Society / July 8, 2024

It’s Impossible to Overstate the Damage Done by the Supreme Court in This Term

The effects of the high court’s rulings will be enduring and almost impossible to overturn without a serious reckoning by Democratic lawmakers.

Elie Mystal
Exterior of the US Supreme Court Building the statue is titled “Authority of Law.”
Exterior of the US Supreme Court Building the statue is titled Authority of Law.(Richard Sharrocks / Getty Images)

The just completed Supreme Court term will initiate a seismic shift in the distribution of power in the American republic. The effects of the court’s rulings in this term will have a bigger impact on the rule of law and our political future than anything the court has done since 1857’s Dred Scott decision.

I simply cannot overstate the significance of what has just happened. In one single month, the Supreme Court: legalized bribery of public officials, declared the president of the United States absolutely immune from criminal prosecution for “official” acts, and made the power to issue regulations subject to the court’s unelected approval.

When we widen the aperture to look at the whole term, we find that the court also ruled that people who fail in their violent attempts to reverse the results of an election can run for office in the very next election; would-be mass shooters can buy attachments to change their weapons into machine guns; and white state legislatures can systematically remove all Black people from their districts and call it “politics.” And as if to add a dose of unvarnished cruelty to its machinations, the court also ruled that insurrectionists who attack the capitol and obstruct the work of Congress cannot be charged with a crime, but homeless people sleeping on the streets can be sent to jail.

These rulings mean that the Supreme Court, and only the Supreme Court, gets the final word on what regulations Congress really wanted to pass, and which crimes presidents are allowed to commit. And the justices themselves can be paid, handsomely, for their opinions should interested parties and wealthy donors would like to give them a “gratuity” for ruling in ways that please those moneyed interests.

Folks, we can’t “come back” from this. There is no presidential order or legislative action that can undo all of the evils committed by the Supreme Court. This is different from what’s happened before. In 2012, when the court gutted the most important piece of legislation in American history, the Voting Rights Act, there were immediate calls for Congress to pass legislation restoring what the court took away. Obviously, Congress hasn’t done that because Republicans are against Black people voting, and Democrats, even when they have power, are against doing anything that would upset Senate traditions. But, at a minimum, the possibility existed that legislation could fix what the Supreme Court had broken (at least until the Supreme Court overruled those legislative fixes).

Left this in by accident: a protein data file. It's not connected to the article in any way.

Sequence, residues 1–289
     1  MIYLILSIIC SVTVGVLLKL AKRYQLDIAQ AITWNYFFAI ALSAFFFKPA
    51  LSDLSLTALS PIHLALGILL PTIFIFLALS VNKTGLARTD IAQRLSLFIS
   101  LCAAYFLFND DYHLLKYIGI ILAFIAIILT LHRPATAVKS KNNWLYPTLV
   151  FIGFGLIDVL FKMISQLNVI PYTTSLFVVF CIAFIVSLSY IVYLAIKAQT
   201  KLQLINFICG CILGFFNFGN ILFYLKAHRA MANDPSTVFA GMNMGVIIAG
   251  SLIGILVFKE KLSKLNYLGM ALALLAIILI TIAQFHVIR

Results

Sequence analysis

Similarly, in 2022, when the court took away a constitutional right for the first time in American history and overturned Roe v. Wade, there were immediate calls for Congress to pass legislation restoring what the court took away. Obviously, that hasn’t happened, because Republicans are against women having equal rights and Democrats are against doing anything that would upset Senate traditions—but, again, the possibility of a remedy existed.

This time, there’s no legislative fix for the problems the court has created. Consider the proposition that presidents are no longer subject to criminal laws. The court has ruled that, as a matter of the constitutional separation of powers, nobody has the right to prosecute presidents for crimes as long as the president claims that committing crimes is part of their job. Congress cannot reinstate criminal penalties the court says are unconstitutional in the first place.

Meanwhile, when it comes to government regulations you may have heard people—specifically, Republicans speaking in bad faith—claim that Congress just has to write better laws instead of leaving it to the executive agencies to fill in the gaps. But that is simply not a reasonable or feasible expectation. Congress doesn’t know how much lead is allowed to be in water before it damages the brains of the people who drink it. It doesn’t know how fast an industrial thresher should be allowed to operate before it becomes a death trap operated by a Bond villain. It doesn’t know if taking a submarine piloted with a PlayStation controller to visit the Titanic is a good idea or not. Experts know these things. Congress cannot write laws detailed enough for them to avoid needing to be filled out by experts in the relevant field. By placing itself over the executive agencies, the Supreme Court makes itself not judges but regulators who are allowed to assert their guesses over the judgments of scientists and professionals.